Investors are betting on a surge in electric car sales after indications that China, the world’s largest market for the vehicles, may soon wind down production and sales of cars using fossil fuel.
From the time China’s state-run Xinhua newspaper reported the news on September 11 through Tuesday’s close, investors poured about $143 million into the Global X Lithium & Battery Tech exchange-traded fund (LIT), according to ETF.com. Tuesday alone drew $49.8 million in inflows, nearly 10 percent of the now $651 million fund.
That kind of interest in an ETF, especially one so narrowly focused, is “extremely rare,” said Todd Rosenbluth, director of ETF and mutual fund research at CFRA. “A really strong 2017 has triggered strong investor interest at a time when a lot of money is going into well diversified and cheap ETFs.”
“Interest has really accelerated, really since the Chinese announcement came out,” said Jay Jacobs, director of research and vice president at Global X Funds. “What’s driving it is we’ve hit a clear inflection point in lithium demand.”
Jacobs noted the cost of a lithium battery has halved over the last three years, making electric vehicles cheaper for consumers. Meanwhile, China is the latest in a string of major governments to move toward electric cars.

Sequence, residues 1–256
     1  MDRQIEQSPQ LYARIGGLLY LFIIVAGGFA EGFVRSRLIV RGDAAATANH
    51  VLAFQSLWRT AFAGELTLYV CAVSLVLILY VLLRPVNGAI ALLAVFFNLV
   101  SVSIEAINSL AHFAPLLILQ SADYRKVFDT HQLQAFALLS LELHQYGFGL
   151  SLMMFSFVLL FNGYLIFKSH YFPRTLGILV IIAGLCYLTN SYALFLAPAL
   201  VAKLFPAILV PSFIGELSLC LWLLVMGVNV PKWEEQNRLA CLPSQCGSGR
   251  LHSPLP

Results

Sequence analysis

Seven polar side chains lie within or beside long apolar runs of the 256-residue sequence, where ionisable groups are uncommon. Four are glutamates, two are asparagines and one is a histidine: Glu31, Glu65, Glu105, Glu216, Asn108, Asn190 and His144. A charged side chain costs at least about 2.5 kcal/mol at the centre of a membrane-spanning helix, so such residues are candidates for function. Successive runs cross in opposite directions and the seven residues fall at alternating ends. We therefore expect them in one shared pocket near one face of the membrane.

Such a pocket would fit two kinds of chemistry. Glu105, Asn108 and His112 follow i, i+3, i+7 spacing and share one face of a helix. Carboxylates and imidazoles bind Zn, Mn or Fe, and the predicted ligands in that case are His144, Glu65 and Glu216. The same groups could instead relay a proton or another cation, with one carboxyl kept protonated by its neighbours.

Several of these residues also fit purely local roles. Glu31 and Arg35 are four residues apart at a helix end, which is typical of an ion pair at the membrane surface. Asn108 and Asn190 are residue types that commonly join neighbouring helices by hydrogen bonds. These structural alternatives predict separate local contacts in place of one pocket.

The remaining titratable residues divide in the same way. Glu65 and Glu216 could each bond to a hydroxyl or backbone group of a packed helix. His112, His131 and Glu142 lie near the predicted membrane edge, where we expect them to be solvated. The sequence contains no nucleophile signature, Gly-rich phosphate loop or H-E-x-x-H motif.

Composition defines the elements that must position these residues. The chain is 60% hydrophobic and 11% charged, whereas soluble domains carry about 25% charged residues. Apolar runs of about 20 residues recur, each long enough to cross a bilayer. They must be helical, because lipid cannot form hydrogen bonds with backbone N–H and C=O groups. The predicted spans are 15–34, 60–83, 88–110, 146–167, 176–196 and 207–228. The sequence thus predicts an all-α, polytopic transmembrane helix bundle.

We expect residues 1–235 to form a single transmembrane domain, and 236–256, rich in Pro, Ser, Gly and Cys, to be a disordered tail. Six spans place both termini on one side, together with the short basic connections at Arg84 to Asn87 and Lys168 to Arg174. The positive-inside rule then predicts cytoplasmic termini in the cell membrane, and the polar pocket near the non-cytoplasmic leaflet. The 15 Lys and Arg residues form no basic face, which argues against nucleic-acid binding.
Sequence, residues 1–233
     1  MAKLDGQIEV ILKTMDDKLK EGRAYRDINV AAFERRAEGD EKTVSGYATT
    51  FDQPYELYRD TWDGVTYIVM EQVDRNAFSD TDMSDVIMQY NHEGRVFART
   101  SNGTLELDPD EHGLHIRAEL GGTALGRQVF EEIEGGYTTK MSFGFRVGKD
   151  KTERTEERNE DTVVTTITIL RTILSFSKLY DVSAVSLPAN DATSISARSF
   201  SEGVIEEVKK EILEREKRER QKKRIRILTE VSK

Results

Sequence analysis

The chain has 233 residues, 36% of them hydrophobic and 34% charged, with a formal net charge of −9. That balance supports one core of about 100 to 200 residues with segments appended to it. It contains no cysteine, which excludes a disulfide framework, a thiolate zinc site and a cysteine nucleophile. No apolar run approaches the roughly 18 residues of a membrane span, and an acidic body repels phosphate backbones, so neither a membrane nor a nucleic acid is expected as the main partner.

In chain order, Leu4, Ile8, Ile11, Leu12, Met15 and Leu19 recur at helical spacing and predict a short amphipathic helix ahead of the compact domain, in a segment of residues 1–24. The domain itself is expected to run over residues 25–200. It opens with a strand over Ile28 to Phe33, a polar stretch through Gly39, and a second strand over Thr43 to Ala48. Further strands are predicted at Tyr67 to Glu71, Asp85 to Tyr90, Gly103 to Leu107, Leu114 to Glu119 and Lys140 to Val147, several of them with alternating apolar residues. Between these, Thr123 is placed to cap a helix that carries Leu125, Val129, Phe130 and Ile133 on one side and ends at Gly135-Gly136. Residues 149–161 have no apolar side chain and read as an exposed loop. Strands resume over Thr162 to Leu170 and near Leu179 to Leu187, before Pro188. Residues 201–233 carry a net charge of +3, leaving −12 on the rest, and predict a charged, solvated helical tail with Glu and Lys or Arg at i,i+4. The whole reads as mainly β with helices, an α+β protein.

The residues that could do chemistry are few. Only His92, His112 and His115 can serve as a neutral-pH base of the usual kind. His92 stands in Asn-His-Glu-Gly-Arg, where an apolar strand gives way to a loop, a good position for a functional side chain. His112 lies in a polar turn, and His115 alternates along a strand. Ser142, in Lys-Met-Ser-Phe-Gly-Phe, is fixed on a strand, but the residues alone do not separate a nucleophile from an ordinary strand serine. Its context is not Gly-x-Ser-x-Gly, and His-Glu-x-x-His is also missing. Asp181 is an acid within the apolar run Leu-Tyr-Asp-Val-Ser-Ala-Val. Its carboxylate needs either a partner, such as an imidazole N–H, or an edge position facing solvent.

The Xinhua report said Xin Guobin, China’s vice minister of industry and information technology, disclosed that the country had started research on a timetable to phase out production and sales of fossil fuel cars. He did not say when such moves would occur.
Chinese car stocks jumped in Hong Kong trade Wednesday, with Geely Auto rising 5.7 percent and BYD limited Class H shares climbing nearly 12.7 percent.
Tesla shares closed slightly lower after hitting a record high Monday.
Tesla accounts for nearly 7 percent of the Global X LIT fund, according to a factsheet. FMC, which has a major lithium producing unit, accounts for almost 25 percent, and other top holdings include Chile-based lithium producer SQM, battery manufacturer Samsung SDI, Panasonic, specialty chemicals company Albermarle, LG Chem, Simplo Technology, EnerSys and GS Yuasa.
“Chinese interests have been investing in them and other entities,” said David Pratt, MCAM-International President, said in an emailed statement to CNBC. MCAM maintains an archive of documents related to patents and other intangible assets from many countries.
China accounted for more than 40 percent of electric cars sold in the world, with more than double the number sold in the U.S. in 2016, according to the International Energy’s Global EV outlook 2017.
LIT fell 2 percent Wednesday, but it remains up almost 58 percent for the year.
That said, the massive gain this year has also attracted short sellers, or traders betting on LIT’s decline. The average percentage of shares out on loan, a measure of short interest, climbed in the last four weeks to its highest in more than two years at 4.7 percent, according to a Wednesday report from IHS Markit.
“Short-sellers tend to be much more short term,” Global X’s Jacobs said, noting that his firm believes in the lithium investment thesis for the long term.